Mads Viktor talks about Peakon’s journey from addressing their startup peers to serving enterprises. When they got their first enterprise client, they built the product around their requirements and they found out that some of the startup mythology didn’t apply to enterprise software acquisition.
A minimum viable product? Well, if it doesn’t deliver on the key parameters for the enterprise, they don’t buy it. That’s a full-stop.
Another thing. When your product is used by hundreds of people in large organizations, there’s a limit to the frequency of how often and how much should you change your product—even though you may feel it’s very important to get your latest inventions into the hands of your users to demonstrate your progress and stay ahead of the competition.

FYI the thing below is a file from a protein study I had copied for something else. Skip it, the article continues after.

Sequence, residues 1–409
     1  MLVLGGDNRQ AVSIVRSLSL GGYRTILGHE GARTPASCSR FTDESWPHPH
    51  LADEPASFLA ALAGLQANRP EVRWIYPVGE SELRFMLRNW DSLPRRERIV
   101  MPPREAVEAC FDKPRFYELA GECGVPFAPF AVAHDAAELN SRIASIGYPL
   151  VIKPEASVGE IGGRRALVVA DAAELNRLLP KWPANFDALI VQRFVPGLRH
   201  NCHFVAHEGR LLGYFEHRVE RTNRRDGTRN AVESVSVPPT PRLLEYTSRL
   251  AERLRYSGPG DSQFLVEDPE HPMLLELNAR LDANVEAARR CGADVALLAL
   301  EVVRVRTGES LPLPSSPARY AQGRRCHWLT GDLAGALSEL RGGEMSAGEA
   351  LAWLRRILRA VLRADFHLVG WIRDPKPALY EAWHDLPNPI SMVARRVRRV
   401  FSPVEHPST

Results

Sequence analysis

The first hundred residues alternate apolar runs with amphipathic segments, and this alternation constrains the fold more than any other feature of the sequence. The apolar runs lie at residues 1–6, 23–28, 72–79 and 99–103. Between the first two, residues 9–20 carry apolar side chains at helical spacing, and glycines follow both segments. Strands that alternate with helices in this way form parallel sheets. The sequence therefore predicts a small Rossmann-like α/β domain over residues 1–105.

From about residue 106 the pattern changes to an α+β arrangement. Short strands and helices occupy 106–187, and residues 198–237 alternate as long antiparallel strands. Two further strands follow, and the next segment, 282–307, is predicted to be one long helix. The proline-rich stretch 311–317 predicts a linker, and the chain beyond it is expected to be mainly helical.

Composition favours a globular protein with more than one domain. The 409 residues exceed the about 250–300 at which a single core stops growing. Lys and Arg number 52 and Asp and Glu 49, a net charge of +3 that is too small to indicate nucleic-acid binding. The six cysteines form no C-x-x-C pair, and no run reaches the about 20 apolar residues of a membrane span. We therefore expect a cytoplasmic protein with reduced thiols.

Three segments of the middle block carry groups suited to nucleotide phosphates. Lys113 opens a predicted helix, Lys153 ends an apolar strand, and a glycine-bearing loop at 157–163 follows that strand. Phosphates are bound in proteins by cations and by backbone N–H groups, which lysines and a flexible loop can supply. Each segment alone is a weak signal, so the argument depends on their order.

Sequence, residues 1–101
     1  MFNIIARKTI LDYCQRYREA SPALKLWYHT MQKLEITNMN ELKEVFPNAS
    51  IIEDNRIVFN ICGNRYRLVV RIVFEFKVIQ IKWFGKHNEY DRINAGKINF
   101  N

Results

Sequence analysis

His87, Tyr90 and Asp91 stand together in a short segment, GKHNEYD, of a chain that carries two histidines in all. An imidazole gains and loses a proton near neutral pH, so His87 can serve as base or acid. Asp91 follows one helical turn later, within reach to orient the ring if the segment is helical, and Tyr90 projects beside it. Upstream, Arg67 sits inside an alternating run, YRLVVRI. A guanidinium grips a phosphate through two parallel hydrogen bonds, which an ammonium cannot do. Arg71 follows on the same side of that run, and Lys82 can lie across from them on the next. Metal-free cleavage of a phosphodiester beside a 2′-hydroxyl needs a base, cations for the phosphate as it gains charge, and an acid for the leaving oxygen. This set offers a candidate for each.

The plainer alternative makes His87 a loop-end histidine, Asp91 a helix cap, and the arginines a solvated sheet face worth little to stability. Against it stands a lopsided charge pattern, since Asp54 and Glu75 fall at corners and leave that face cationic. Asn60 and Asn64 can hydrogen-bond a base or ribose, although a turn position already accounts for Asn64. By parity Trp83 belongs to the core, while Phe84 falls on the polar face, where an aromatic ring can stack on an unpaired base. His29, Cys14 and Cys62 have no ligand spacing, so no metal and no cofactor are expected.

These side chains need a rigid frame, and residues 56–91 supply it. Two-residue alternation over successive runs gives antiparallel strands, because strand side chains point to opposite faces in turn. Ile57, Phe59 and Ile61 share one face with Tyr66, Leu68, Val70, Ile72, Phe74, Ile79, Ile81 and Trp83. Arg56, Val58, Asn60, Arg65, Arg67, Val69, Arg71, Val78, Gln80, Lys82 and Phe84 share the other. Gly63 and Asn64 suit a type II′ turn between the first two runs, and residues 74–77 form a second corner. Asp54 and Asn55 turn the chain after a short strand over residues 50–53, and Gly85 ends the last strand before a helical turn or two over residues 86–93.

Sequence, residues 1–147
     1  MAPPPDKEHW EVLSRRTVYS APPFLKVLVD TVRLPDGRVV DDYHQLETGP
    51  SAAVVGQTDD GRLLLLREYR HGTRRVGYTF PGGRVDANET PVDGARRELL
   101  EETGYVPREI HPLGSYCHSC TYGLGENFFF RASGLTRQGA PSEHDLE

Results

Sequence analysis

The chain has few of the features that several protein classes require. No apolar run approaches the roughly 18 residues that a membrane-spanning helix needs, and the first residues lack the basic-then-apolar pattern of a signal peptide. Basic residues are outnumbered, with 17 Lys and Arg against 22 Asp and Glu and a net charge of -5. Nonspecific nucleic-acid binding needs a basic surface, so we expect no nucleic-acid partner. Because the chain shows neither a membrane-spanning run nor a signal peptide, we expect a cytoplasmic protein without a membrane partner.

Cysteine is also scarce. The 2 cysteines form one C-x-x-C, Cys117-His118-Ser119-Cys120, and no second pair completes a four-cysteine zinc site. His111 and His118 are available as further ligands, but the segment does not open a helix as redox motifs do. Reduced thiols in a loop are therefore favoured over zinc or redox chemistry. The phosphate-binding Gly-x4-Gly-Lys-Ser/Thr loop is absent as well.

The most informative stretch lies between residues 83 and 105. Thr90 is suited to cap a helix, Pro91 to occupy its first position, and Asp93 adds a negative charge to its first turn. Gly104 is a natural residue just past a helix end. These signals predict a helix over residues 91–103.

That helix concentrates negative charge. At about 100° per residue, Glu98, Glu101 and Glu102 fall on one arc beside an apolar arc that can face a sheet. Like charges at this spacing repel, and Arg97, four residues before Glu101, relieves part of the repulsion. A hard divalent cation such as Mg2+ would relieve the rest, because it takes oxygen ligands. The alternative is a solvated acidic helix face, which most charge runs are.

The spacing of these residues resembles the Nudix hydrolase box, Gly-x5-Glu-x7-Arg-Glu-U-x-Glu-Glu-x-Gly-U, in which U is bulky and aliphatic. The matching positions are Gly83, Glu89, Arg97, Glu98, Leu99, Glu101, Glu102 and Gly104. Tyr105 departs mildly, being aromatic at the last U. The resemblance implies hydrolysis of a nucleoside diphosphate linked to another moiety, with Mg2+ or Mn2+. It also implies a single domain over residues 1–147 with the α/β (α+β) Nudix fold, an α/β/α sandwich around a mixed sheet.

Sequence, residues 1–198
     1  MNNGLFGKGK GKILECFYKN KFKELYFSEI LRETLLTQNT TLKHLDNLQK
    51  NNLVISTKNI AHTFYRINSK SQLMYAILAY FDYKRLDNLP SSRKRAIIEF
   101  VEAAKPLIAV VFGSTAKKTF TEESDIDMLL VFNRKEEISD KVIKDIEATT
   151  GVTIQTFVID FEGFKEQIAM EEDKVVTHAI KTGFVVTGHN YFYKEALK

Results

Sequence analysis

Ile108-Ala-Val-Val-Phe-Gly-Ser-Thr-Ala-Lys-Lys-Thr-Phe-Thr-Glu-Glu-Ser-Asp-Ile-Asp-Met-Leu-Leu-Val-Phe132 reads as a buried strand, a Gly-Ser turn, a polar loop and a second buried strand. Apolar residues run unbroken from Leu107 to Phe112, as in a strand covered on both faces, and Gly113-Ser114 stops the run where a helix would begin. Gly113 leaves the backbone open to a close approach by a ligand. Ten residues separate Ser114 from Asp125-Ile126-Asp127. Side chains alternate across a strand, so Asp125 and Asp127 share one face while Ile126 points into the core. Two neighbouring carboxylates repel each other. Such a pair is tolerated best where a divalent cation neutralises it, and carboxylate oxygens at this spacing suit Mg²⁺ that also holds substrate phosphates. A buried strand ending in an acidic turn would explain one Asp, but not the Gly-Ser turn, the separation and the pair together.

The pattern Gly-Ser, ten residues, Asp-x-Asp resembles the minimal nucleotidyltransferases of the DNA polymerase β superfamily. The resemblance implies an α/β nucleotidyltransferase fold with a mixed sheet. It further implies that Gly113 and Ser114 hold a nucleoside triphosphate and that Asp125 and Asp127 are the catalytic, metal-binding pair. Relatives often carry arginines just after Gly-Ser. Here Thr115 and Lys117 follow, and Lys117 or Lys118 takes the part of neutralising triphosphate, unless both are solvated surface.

The enterprise bought your product because it solves an important task and spent time getting people to use it. Every time you change the product, the users have to dedicate time to get familiar with the new features. A solution to accommodate fast development without destroying your UX is to release new functionality in an “app store.” Then the customer can add new stuff when they’re ready for it. Another solution is to release and test functionality to a selected group of users.
Viktor recommends only one or two major updates every year to keep all users on board. That’s the “turtle approach,” also used by EasyPractice. And then, stay true to your product vision, so you have a guiding principle for removing all that junk you eventually tend to add to your product because someone requested it.
The machine-vs-humans-thing? Viktor says: “Data only tell what people do, not why they do it.” So, find out what’s behind the lack of usage before you tweak a specific piece of functionality.